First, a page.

Biography,Early life (1934–65)Baraka was born Everett LeRoi Jones in Newark, New Jersey, where he attended Barringer High School. His father, Colt Leverette Jones, worked as a postal supervisor and lift operator. His mother, Anna Lois (nee Russ), was a social worker.[14]He won a scholarship to Rutgers University in 1951, but transferred in 1952 to Howard University. His classes in philosophy and religion helped lay a foundation for his later writings. He subsequently studied at Columbia University and the New School for Social Research without obtaining a degree.In 1954, he joined the US Air Force as a gunner, reaching the rank of sergeant. His commanding officer received an anonymous letter accusing Baraka of being a communist.[15] This led to the discovery of Soviet writings in Barakas possession, his reassignment to gardening duty and subsequently a dishonorable discharge for violation of his oath of duty.[15] He later described his experience in the military as racist, degrading, and intellectually paralyzing.[16] While he was stationed in Puerto Rico, he worked at the base library, which allowed him ample reading time, and it was here that, inspired by Beat poets back in America, he began to write poetry.The same year, he moved to Greenwich Village, working initially in a warehouse of music records. His interest in jazz began during this period. At the same time he came in contact with the avant-garde Black Mountain poets and New York School poets. In 1958 he married Hettie Cohen, with whom he had two daughters, Kellie Jones (b. 1959) and Lisa Jones (b.1961). He and Hettie founded Totem Press, which published such Beat poets as Jack Kerouac and Allen Ginsberg.[17] They also jointly founded a quarterly literary magazine, Yugen, which ran for eight issues (1958–62).[18]Baraka also worked as editor and critic for the literary and arts journal Kulchur (1960–65). With Diane di Prima he edited the first twenty-five issues (1961–63) of their little magazine The Floating Bear.[11] In the autumn of 1961 he co-founded the New York Poets Theatre with di Prima, the choreographers Fred Herko and James Waring, and the actor Alan S. Marlowe. He had an extramarital affair with di Prima for several years, their daughter, Dominique di Prima, was born in June 1962.Baraka visited Cuba in July 1960 with a Fair Play for Cuba Committee delegation and reported his impressions in his essay Cuba Libre.[19] There he encountered openly rebellious artists who declared him to be a cowardly bourgeois individualist[20] more focused on building his reputation than trying to help those who were enduring oppression. This encounter caused a dramatic change in his writing and goals, causing him to become emphatic about supporting black nationalism.In 1961 Baraka co-authored a Declaration of Conscience in support of Fidel Castros regime.[21] Baraka also was a member of the Umbra Poets Workshop of emerging Black Nationalist writers (Ishmael Reed and Lorenzo Thomas among others) on the Lower East Side (1962–65).His first book of poems, Preface to a Twenty Volume Suicide Note, was published in 1961. Barakas article The Myth of a Negro Literature (1962) stated that a Negro literature, to be a legitimate product of the Negro experience in America, must get at that experience in exactly the terms America has proposed for it in its most ruthless identity. He also stated in the same work that as an element of American culture, the Negro was entirely misunderstood by Americans. The reason for this misunderstanding and for the lack of black literature of merit was, according to Jones:“In most cases the Negroes who found themselves in a position to pursue some art, especially the art of literature, have been members of the Negro middle class, a group that has always gone out of its way to cultivate any mediocrity, as long as that mediocrity was guaranteed to prove to America, and recently to the world at large, that they were not really who they were, i.e., Negroes.”As long as black writers were obsessed with being an accepted middle class, Baraka wrote, they would never be able to speak their mind, and that would always lead to failure. Baraka felt that America only made room for white obfuscators, not black ones.[22][23]In 1963 Baraka (under the name LeRoi Jones) published Blues People: Negro Music in White America, his account of the development of black music from slavery to contemporary jazz.[24] When the work was re-issued in 1999, Baraka wrote in the Introduction that he wished to show that The music was the score, the actually expressed creative orchestration, reflection of Afro-American life…. That the music was explaining the history as the history was explaining the music. And that both were expressions of and reflections of the people.[25] He argued that though the slaves had brought their musical traditions from Africa, the blues were an expression of what black people became in America: The way I have come to think about it, blues could not exist if the African captives had not become American captives.[26]Baraka (under the name LeRoi Jones) wrote an acclaimed, controversial play Dutchman, in which a white woman accosts a black man on the New York subway. The play premiered in 1964 and received the Obie Award for Best American Play in the same year.[27] A film of the play, directed by Anthony Harvey, was released in 1967.[28] The play has been revived several times, including a 2013 production staged in the Russian and Turkish Bathhouse in the East Village, Manhattan.[29]After the assassination of Malcolm X in 1965, Baraka left his wife and their two children and moved to Harlem, where he founded the Black Arts Repertory/Theater School since the Black Arts Movement created a new visual representation of art. He moved back to Newark after allegations surfaced that he was using federal antipoverty welfare funds for his theater.[30]Baraka became a leading advocate and theorist for the burgeoning black art during this time.[24] Now a black cultural nationalist, he broke away from the predominantly white Beats and became critical of the pacifist and integrationist Civil Rights movement. His revolutionary poetry became more controversial.[11] A poem such as Black Art (1965), according to Werner Sollors, of Harvard University, expressed his need to commit the violence required to establish a Black World.[31]Baraka even uses onomatopoeia in Black Art to express that need for violence: rrrrrrrrrrrrrrrrrrrrrrrrrrrrrrrrrrr . . . tuhtuhtuhtuhtuhtuht . . . More specifically, lines in Black Art such as Let there be no love poems written / until love can exist freely and cleanly juxtaposed with We want a black poem. / And a Black World demonstrate Barakas cry for political justice during a time when racial injustice was rampant, despite the Civil Rights Movement.[32]Black Art quickly became the major poetic manifesto of the Black Arts Literary Movement and in it, Jones declaimed, we want poems that kill, which coincided with the rise of armed self-defense and slogans such as Arm yourself or harm yourself that promoted confrontation with the white power structure. Rather than use poetry as an escapist mechanism, Baraka saw poetry as a weapon of action.[33] His poetry demanded violence against those he felt were responsible for an unjust society.Baraka also promoted theatre as a training for the real revolution yet to come, with the arts being a way to forecast the future as he saw it. In The Revolutionary Theatre, Baraka wrote, We will scream and cry, murder, run through the streets in agony, if it means some soul will be moved. [34] In opposition to the peaceful protests inspired by Martin Luther King Jr., Baraka believed that a physical uprising must follow the literary one.1966–80In 1966, Baraka married his second wife, Sylvia Robinson, who later adopted the name Amina Baraka.[35] The two would open a facility in Newark known as Spirit House, a combination playhouse and artists’ residence.[30] In 1967, he lectured at San Francisco State University. The year after, he was arrested in Newark for having allegedly carried an illegal weapon and resisting arrest during the 1967 Newark riots, and was subsequently sentenced to three years in prison. His poem Black People, published in the Evergreen Review of December 1967, was read by the judge in court,[36] including the memorable phrase: All the stores will open if you say the magic words. The magic words are: Up against the wall motherfucker this is a stick up![37] Shortly afterward an appeals court reversed the sentence based on his defense by attorney Raymond A. Brown.[38] He later joked that he was charged with holding two revolvers and two poems.[34]Not long after the 1967 riots, Baraka generated controversy when he went on the radio with a Newark police captain and Anthony Imperiale, a politician and private business owner, and the three of them blamed the riots on white-led, so-called radical groups and Communists and the Trotskyite persons.[39] That same year his second book of jazz criticism, Black Music, came out, a collection of previously published music journalism, including the seminal Apple Cores columns from Down Beat magazine. Around this time he also formed a record label called Jihad, which produced and issued only three LPs, all released in 1968:[40] Sonnys Time Now with Sunny Murray, Albert Ayler, Don Cherry, Louis Worrell, Henry Grimes, and Baraka, A Black Mass, featuring Sun Ra, and Black & Beautiful – Soul & Madness by the Spirit House Movers, on which Baraka reads his poetry.[41][42]In 1967, Baraka (still Leroi Jones) visited Maulana Karenga in Los Angeles and became an advocate of his philosophy of Kawaida, a multifaceted, categorized activist philosophy that produced the Nguzo Saba, Kwanzaa, and an emphasis on African names. It was at this time that he adopted the name Imamu Amear Baraka. Imamu is a Swahili title for spiritual leader, derived from the Arabic word Imam (????). According to Shaw, he dropped the honorific Imamu and eventually changed Amear (which means Prince) to Amiri. Baraka means blessing, in the sense of divine favor.In 1970 he strongly supported Kenneth A. Gibsons candidacy for mayor of Newark, Gibson was elected the citys first Afro-American Mayor.In the late 1960s and early 1970s, Baraka courted controversy by penning some strongly anti-Jewish poems and articles, similar to the stance at that time of the Nation of Islam. Historian Melani McAlister points to an example of this writing In the case of Baraka, and in many of the pronouncements of the NOI [Nation of Islam], there is a profound difference, both qualitative and quantitative, in the ways that white ethnicities were targeted. For example, in one well-known poem, Black Arts [originally published in The Liberator January 1966], Baraka made offhand remarks about several groups, commenting in the violent rhetoric that was often typical of him, that ideal poems would knockoff … dope selling wops and suggesting that cops should be killed and have their tongues pulled out and sent to Ireland. But as Baraka himself later admitted [in his piece I was an AntiSemite published by The Village Voice on December 20, 1980 vol 1], he held a specific animosity for Jews, as was apparent in the different intensity and viciousness of his call in the same poem for dagger poems to stab the slimy bellies of the ownerjews and for poems that crack steel knuckles in a jewladys mouth.[43]Prior to this time, Baraka prided himself on being a forceful advocate of black cultural nationalism, however, by the mid-1970s, he began finding its racial individuality confining.[11] Barakas separation from the Black Arts Movement began because he saw certain black writers – capitulationists, as he called them – countering the Black Arts Movement that he created. He believed that the groundbreakers in the Black Arts Movement were doing something that was new, needed, useful, and black, and those who did not want to see a promotion of black expression were appointed to the scene to damage the movement.[22]Around 1974, Baraka distanced himself from Black nationalism and became a Marxist and a supporter of third-world liberation movements.In 1979 he became a lecturer in the State University of New York at Stony Brooks Africana Studies Department in the College of Arts and Sciences due to the urging of faculty member Leslie Owens. Articles about Baraka appeared in the Universitys print media from Stony Brook Press, Blackworld, and other student campus publications. These articles included an expose about his positions on page one of the inaugural issue of Stony Brook Press on October 25, 1979 discussing his protests against what he perceived as racism in the Africana Studies Department, as evidenced by a dearth of tenured professors. Baraka was later hired as an assistant professor at Stony Brook to assist the struggling Africana Studies Department.[44]In June 1979 Baraka was arrested and jailed at Eighth Street and Fifth Avenue in Manhattan. Different accounts emerged around the arrest, all sides agree that Baraka and his wife, Amina, were in their car arguing over the cost of their childrens shoes. The police version of events holds that they were called to the scene after a report of an assault in progress. They maintain that Baraka was striking his wife and when they moved to intervene he attacked them as well, whereupon they used the necessary force to subdue him. Aminas account contrasted with that of the police, she held a news conference the day after the arrest accusing the police of lying. A grand jury dismissed the assault charge but the resisting arrest charge moved forward.[45] In November 1979 after a seven-day trail a Criminal Court jury found Baraka guilty of resisting arrest. A month later he was sentenced to 90 days at Rikers Island (the maximum he could have been sentenced to was one year). Amina declared that her husband was a political prisoner. Baraka was released after a day in custody pending his appeal. At the time it was noted if he was kept in prison he would be unable to attend a reception at the White House in honor of American poets. Barakas appeal continued up to the State Supreme Court. During the process his lawyer William M. Kunstler told the press Baraka feels its the responsibility of the writers of America to support him across the board. Backing for his attempts to have the sentence cancelled or reduced came from letters of support from elected officials, artists and teachers around the country.[45] Amina Baraka continued to advocate for her husband and at one press conference stated Fascism is coming and soon the secret police will shoot our children down in the streets.[46] In December 1981 Judge Benrard Fried ruled against Baraka and ordered him to report to Rikers Island to serve his sentence on weekends occurring between January 9, 1982 through November 6, 1982. The judge noted that by having Baraka serve his 90 days on weekends this would allow him to continue his teaching obligations at Stony Brook.[47] Rather than serve his sentence at the prison Baraka was allowed to serve his 48 consecutive weekends in a Harlem halfway house. While serving his sentence he wrote The AutoBiography, tracing his life from birth to his conversion to socialism.[48]1980–2014In 1980 Baraka published an essay in the Village Voice that was titled Confessions of a Former Anti-Semite. Baraka insisted that a Village Voice editor entitled it and not himself. In the essay Baraka went over his life history including his marriage to Hettie Cohen who was of Jewish descent. He stated that after the assassination of Malcolm X he found himself thinking As a Black man married to a white woman, I began to feel estranged from her … How could someone be married to the enemy? So he divorced Hettie and left her with their two bi-racial daughters. In the essay Baraka went on to say We also know that much of the vaunted Jewish support of Black civil rights organizations was in order to use them. Jews, finally, are white, and suffer from the same kind of white chauvinism that separates a great many whites from Black struggle. …these Jewish intellectuals have been able to pass over the into the Promised Land of American privilege. In the essay he also defended his position against Israel saying Zionism is a form of racism. Near the end of the essay Baraka stated Anti-Semitism is as ugly an idea and as deadly as white racism and Zionism …As for my personal trek through the wasteland of anti-Semitism, it was momentary and never completely real. …I have written only one poem that has definite aspects of anti-Semitism…and I have repudiated it as thoroughly as I can.[49] The poem Baraka referenced was For Tom Postell, Dead Black Poet which contained lines including …Smile jew. Dance, jew. Tell me you love me, jew. I got something for you… I got the extermination blues, jewboys. I got the hitler syndrome figured…So come for the rent, jewboys…one day, jewboys, we all, even my wig wearing mother gonna put it on you all at once.[49]Baraka addressing the Malcolm X Festival from the Black Dot Stage in San Antonio Park, Oakland, California while performing with Marcel Diallo and his Electric Church BandDuring the 1982–83 academic year, Baraka was a visiting professor at Columbia University, where he taught a course entitled Black Women and Their Fictions. In 1984 he became a full professor at Rutgers University, but was subsequently denied tenure.[50] In 1985, Baraka returned to Stony Brook, eventually becoming professor emeritus of African Studies. In 1987, together with Maya Angelou and Toni Morrison, he was a speaker at the commemoration ceremony for James Baldwin.In 1989 Baraka won an American Book Award for his works as well as a Langston Hughes Award. In 1990 he co-authored the autoBiography, of Quincy Jones, and 1998 was a supporting actor in Warren Beattys film Bulworth. In 1996, Baraka contributed to the AIDS benefit album Offbeat: A Red Hot Soundtrip produced by the Red Hot Organization.In July 2002, Baraka was named Poet Laureate of New Jersey by Governor Jim McGreevey. The position was to be for two years and came with a $10,000 stipend.[51] Baraka held the post for a year mired in controversy and after substantial political pressure and public outrage demanding his resignation. During the Geraldine R. Dodge Poetry Festival in Stanhope, New Jersey, Baraka read his 2001 poem on the September 11th attacks Somebody Blew Up America?, which was criticized for anti-Semitism and attacks on public figures. Because there was no mechanism in the law to remove Baraka from the post, the position of state poet laureate was officially abolished by the State Legislature and Governor McGreevey.[52]Baraka collaborated with hip-hop group The Roots on the song Something in the Way of Things (In Town) on their 2002 album Phrenology.In 2002, scholar Molefi Kete Asante included Amiri Baraka on his list of 100 Greatest African Americans.[53]In 2003, Barakas daughter Shani, aged 31, and her lesbian partner, Rayshon Homes, were murdered in the home of Shanis sister, Wanda Wilson Pasha, by Pashas ex-husband, James Coleman.[54][55] Prosecutors argued that Coleman shot Shani because she had helped her sister separate from her husband.[56] A New Jersey jury found Coleman (also known as Ibn El-Amin Pasha) guilty of murdering Shani Baraka and Rayshon Holmes, and he was sentenced to 168 years in prison for the 2003 shooting.[57]His son, Ras J. Baraka (born 1970), is a politician and activist in Newark, who served as principal of Newarks Central High School, as an elected member of the Municipal Council of Newark (2002–06, 2010–present) representing the South Ward. Ras J. Baraka became Mayor of Newark, July 1, 2014. See 2014 Newark mayoral election.DeathAmiri Baraka died on January 9, 2014, at Beth Israel Medical Center in Newark, New Jersey, after being hospitalized in the facilitys intensive care unit for one month prior to his death. The cause of death was not reported initially, but it is mentioned that Baraka had a long struggle with diabetes.[58] Later reports indicated that he died from complications after a recent surgery.[59] Barakas funeral was held at Newark Symphony Hall on January 18, 2014.[60]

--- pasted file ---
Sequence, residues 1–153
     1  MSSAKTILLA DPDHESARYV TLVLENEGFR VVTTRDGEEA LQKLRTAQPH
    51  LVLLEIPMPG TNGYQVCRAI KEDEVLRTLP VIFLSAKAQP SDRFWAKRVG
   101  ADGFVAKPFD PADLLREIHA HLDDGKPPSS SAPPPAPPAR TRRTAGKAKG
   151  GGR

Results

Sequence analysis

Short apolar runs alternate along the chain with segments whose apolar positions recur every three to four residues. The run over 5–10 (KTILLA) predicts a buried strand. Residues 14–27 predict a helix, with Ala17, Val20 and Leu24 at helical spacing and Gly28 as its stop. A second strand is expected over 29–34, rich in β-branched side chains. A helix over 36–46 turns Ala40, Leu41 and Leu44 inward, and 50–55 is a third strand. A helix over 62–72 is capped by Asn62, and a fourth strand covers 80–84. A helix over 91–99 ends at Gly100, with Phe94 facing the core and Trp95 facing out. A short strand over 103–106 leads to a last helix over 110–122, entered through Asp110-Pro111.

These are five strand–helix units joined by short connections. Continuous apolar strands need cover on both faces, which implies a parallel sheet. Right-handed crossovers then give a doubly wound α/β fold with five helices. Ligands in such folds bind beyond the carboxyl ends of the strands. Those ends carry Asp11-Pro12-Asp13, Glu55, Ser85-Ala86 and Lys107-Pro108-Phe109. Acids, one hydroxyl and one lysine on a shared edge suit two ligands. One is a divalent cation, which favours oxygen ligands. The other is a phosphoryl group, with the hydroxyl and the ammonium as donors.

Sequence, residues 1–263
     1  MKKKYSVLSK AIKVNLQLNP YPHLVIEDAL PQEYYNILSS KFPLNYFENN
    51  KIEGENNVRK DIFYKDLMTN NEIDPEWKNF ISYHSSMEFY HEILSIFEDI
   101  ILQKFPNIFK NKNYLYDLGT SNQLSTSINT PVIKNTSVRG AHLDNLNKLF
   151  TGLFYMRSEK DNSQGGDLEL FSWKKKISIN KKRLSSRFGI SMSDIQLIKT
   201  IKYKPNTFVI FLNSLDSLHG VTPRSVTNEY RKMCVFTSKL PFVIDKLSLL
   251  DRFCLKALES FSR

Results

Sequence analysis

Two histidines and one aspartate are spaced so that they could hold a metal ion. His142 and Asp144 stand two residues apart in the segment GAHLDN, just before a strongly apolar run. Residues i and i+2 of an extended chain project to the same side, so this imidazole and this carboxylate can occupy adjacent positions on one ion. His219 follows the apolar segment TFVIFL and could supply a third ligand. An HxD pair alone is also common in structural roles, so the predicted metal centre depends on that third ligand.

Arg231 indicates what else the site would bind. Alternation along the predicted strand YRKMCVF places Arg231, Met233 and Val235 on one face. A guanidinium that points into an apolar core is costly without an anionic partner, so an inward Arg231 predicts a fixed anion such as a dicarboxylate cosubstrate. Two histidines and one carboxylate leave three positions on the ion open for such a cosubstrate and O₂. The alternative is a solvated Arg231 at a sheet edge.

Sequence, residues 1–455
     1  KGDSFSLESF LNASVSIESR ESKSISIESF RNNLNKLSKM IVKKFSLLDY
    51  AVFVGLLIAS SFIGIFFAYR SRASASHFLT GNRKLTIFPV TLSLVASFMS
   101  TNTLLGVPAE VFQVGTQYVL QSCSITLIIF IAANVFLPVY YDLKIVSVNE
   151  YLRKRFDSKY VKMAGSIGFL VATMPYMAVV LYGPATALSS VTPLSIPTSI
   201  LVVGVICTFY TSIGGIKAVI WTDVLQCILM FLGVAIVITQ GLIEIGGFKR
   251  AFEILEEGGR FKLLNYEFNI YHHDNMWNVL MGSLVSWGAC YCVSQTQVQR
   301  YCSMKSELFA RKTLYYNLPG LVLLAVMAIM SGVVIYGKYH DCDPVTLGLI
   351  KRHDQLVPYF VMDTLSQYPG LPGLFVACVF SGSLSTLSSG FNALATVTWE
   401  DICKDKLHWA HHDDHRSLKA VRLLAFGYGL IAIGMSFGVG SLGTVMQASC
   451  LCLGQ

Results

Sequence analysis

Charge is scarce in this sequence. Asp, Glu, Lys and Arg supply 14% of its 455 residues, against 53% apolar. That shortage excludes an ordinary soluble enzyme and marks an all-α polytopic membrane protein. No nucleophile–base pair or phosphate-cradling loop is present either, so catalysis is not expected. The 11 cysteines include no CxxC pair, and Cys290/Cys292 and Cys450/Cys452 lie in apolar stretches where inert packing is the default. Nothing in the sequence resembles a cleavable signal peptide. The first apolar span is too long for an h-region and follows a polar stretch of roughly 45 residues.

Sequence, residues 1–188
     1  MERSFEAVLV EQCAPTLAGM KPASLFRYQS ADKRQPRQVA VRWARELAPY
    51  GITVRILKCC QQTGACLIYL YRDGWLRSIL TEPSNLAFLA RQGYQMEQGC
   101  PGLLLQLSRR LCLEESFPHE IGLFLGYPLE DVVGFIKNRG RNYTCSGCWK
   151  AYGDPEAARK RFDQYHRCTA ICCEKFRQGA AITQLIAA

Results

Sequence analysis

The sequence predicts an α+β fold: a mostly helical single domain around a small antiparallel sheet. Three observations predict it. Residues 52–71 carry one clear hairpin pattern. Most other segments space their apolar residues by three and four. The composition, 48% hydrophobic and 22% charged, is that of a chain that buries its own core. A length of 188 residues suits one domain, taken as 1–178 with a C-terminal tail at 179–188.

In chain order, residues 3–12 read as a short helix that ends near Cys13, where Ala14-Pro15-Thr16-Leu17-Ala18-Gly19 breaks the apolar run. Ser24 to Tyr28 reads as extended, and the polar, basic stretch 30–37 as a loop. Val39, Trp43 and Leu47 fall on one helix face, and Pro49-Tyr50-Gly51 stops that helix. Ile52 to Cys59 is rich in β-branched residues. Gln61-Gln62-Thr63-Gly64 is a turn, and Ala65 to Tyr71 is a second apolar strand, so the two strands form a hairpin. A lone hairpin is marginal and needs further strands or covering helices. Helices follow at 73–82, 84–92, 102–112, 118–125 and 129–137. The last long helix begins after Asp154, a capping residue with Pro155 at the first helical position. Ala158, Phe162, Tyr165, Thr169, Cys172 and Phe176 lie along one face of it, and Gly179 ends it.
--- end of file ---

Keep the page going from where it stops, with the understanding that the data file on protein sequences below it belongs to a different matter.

Wikipedia Source: Amiri Baraka